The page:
Joseph M. Reagle

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What do we know about the individuals who make comments on online news stories, blogs, videos and other media? What kind of people take the time to post all manner of information and context to material created by others? Joseph M. Reagle, assistant professor of communication studies at Northeastern University and a faculty associate at Harvard University's Berkman Center for Internet and Society, examines these online pontificators and provocateurs in his new book Reading the Comments: Likers, Haters and Manipulators at the Bottom of the Web (MIT, 2015). Reagle categorizes the different kinds of comments, thereby organizing the different kinds of commenters into groups. In addition, Reagle considers both the function and value of comments in society. Just listen.

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Leonard CassutoThe Graduate School Mess: What Caused It and How We Can Fix It

September 22, 2015

The discontented graduate student is something of a cultural fixture in the U.S. Indeed theirs is a sorry lot. They work very hard, earn very little, and have very poor prospects. Nearly all of them want to become professors, but most of them won't. Indeed a disturbingly large minority of them won't even finish their degrees. It's little […]

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Nicole StarosielskiThe Undersea Network

August 25, 2015

Nicole Starosielski's new book brings an environmental and ecological consciousness to the study of digital media and digital systems, and it is a must-read. The Undersea Network (Duke University Press, 2015) looks carefully and imaginatively at the geography of undersea cable networks, paying special attention to the materiality of network infrastructure and its relationships with the histories […]

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Randy NicholsThe Video Game Business

August 16, 2015

Video games have become an important cultural and economic force in our media environment. In his new book, The Video Game Business (British Film Institute, 2014), scholar Randy Nichols provides an overview of the increasingly diverse global market for video games. Nichols locates the origins of the video game industry back to the dawn of […]

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Christopher VitaleNetworkologies: A Philosophy of Networks for a Hyperconnected Age

August 12, 2015

Networks seem to be the dominant metaphor for contemporary society. In Networkologies: A Philosophy of Networks for a Hyperconnected Age (Zero Books, 2014), Christopher Vitale sets out a manifesto for understanding and using networks as the basis of a new philosophy. The book draws on continental philosophy, complex systems theory and a range of other elements […]

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Christian FuchsCulture and Economy in the Age of Social Media

June 28, 2015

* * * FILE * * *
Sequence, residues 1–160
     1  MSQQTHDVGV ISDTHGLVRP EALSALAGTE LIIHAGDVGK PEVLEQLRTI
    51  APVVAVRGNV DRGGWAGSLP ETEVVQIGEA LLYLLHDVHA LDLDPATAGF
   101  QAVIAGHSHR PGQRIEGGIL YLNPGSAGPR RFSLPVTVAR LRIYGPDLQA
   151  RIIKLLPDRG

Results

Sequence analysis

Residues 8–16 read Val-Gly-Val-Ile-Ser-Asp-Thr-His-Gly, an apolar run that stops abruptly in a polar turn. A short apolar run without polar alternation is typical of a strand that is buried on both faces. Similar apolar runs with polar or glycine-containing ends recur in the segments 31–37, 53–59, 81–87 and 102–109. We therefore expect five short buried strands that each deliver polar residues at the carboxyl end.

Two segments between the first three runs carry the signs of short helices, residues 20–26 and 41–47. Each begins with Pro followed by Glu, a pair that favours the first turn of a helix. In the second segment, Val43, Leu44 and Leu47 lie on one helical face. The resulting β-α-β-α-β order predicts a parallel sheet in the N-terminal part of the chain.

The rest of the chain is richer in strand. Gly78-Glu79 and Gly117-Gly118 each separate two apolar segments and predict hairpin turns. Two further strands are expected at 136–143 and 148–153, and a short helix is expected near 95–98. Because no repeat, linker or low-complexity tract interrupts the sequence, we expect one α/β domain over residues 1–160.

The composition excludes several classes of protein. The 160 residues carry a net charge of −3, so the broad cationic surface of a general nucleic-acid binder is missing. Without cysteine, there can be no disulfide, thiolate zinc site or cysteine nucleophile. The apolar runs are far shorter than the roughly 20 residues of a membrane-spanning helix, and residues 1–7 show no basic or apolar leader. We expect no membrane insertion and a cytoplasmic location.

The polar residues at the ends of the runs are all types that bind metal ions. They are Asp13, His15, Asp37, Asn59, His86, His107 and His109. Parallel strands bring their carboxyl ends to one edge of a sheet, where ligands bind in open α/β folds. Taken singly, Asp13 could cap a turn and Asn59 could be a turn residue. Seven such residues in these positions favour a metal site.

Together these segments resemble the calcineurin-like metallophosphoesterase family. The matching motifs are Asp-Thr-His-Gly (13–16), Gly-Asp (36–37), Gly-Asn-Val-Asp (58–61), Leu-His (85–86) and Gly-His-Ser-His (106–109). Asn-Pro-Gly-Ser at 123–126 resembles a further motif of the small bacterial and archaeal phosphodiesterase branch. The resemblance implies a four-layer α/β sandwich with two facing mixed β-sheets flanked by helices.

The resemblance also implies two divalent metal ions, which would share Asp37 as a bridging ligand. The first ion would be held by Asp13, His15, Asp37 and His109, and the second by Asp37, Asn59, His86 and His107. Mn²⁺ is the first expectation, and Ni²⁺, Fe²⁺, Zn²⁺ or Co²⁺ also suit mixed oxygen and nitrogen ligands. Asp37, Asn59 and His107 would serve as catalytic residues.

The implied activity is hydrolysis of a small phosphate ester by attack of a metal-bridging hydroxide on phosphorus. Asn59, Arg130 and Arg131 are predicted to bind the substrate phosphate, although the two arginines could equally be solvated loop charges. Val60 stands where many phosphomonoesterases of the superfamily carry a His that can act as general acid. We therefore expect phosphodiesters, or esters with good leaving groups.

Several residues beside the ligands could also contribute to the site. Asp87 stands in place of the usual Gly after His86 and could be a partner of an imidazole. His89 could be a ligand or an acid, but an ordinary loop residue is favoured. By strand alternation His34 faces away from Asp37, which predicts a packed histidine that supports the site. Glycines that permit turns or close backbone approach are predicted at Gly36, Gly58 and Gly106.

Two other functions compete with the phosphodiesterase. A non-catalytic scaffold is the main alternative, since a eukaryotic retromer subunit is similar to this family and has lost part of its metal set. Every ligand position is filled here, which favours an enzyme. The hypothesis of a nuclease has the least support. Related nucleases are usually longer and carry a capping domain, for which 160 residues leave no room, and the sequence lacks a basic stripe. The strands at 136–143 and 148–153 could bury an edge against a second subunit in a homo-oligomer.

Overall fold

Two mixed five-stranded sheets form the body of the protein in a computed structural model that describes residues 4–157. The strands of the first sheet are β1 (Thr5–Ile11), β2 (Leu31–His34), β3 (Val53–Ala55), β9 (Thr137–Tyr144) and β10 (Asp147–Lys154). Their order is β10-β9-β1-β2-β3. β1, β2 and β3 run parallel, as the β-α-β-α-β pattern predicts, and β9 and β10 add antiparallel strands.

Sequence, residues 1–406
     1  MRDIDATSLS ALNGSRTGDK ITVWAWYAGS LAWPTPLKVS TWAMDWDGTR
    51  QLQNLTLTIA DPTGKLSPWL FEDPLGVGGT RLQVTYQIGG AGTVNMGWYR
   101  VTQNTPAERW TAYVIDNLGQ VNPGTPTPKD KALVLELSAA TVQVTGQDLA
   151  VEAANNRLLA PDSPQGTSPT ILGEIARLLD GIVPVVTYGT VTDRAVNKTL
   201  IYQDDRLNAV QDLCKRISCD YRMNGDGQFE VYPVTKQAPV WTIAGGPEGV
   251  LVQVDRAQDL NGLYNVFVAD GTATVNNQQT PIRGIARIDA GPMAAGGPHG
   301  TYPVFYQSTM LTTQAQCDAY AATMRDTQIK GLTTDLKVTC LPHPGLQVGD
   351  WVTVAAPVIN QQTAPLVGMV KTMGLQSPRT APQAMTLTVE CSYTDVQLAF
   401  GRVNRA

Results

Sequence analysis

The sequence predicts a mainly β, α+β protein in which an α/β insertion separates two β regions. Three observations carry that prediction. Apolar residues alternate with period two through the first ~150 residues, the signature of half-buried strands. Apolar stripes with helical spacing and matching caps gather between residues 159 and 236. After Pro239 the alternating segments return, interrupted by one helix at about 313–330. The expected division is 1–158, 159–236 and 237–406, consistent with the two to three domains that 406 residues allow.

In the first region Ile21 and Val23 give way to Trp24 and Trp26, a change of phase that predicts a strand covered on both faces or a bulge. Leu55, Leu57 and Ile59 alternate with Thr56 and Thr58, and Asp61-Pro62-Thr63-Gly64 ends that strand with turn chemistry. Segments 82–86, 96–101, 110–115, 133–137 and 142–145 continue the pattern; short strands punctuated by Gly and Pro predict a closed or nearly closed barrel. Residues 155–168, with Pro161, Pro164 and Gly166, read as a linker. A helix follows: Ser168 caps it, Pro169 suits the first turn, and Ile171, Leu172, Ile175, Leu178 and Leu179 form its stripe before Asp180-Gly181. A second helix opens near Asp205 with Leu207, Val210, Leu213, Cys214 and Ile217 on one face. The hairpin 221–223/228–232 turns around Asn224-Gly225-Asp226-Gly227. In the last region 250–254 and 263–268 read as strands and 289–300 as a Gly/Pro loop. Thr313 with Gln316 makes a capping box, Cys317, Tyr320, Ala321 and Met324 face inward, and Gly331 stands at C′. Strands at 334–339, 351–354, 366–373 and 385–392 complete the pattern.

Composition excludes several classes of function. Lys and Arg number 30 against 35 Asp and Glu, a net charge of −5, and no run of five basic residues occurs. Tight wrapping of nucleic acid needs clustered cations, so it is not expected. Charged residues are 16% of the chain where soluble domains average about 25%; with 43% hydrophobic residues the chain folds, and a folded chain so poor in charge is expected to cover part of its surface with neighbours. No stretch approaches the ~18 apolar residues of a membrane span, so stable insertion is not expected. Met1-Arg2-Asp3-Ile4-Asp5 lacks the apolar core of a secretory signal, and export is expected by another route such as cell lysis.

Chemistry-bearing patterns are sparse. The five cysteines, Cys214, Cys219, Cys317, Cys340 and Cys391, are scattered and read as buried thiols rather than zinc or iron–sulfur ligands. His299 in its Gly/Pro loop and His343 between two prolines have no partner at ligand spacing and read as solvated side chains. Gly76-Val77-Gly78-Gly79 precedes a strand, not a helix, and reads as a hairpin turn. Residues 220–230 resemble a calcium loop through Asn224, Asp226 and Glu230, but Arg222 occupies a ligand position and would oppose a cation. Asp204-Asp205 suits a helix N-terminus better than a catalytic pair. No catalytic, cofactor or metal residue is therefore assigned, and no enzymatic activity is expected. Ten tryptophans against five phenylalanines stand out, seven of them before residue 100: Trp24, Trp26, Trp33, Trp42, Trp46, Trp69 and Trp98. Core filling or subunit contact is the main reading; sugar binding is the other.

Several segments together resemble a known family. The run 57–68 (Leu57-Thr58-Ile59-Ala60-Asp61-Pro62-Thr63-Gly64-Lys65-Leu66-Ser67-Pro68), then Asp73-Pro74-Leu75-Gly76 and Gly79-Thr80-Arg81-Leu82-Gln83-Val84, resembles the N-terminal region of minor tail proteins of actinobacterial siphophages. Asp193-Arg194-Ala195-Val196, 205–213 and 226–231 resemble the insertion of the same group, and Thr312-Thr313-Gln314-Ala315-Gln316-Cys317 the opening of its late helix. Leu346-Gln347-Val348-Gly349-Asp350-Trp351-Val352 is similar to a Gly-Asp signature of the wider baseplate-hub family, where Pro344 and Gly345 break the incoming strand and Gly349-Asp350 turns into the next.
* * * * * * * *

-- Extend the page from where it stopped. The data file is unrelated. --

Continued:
Social media is now a pervasive element of many people's lives. in order to best understand this phenomenon we need a comprehensive theory of the political economy of social media. In Culture and Economy in the Age of Social Media (Routledge, 2015), Christian Fuchs, a professor of social media at the University of Westminster, brings together a […]

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John SharpWorks of Game: On the Aesthetics of Games and Art

June 1, 2015

That games, particularly video games, could be viewed as art should come as no surprise. And yet, a debate exists over what is and should be considered art with respect to games. In his new book, Works of Game: On the Aesthetics of Games and Art (MIT Press, 2015), John Sharp offers context for the discussion […]

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Jon L. MillsPrivacy in the New Media Age

May 25, 2015

That privacy in the digital age is an important concept to be discussed is axiomatic. Cameras in mobile phones make it easy to record events and post them on the web. Consumers post an enormous amount of information on social media sites. And much of this information is made publicly available. A common question, then, […]

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Timothy JordanInformation Politics: Liberation and Exploitation in the Digital Society

May 5, 2015

Struggles over information in the digital era are central to Tim Jordan's new book, Information Politics: Liberation and Exploitation in the Digital Society (Pluto Press, 2015). The book aims to connect a critical theoretical reading of the idea of information with the architectures and practices surrounding information. The text begins by setting out how information […]

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Naomi S. BaronWords Onscreen: The Fate of Reading in a Digital World

May 1, 2015

Screens are ubiquitous. From the screen on a mobile, to that on a tablet, or laptop, or desktop computer, screens appear all around us, full of content both visual and text. But it is not necessarily the ubiquity of screens that has societal implications. The significance is in how screens fundamentally change how we ingest […]

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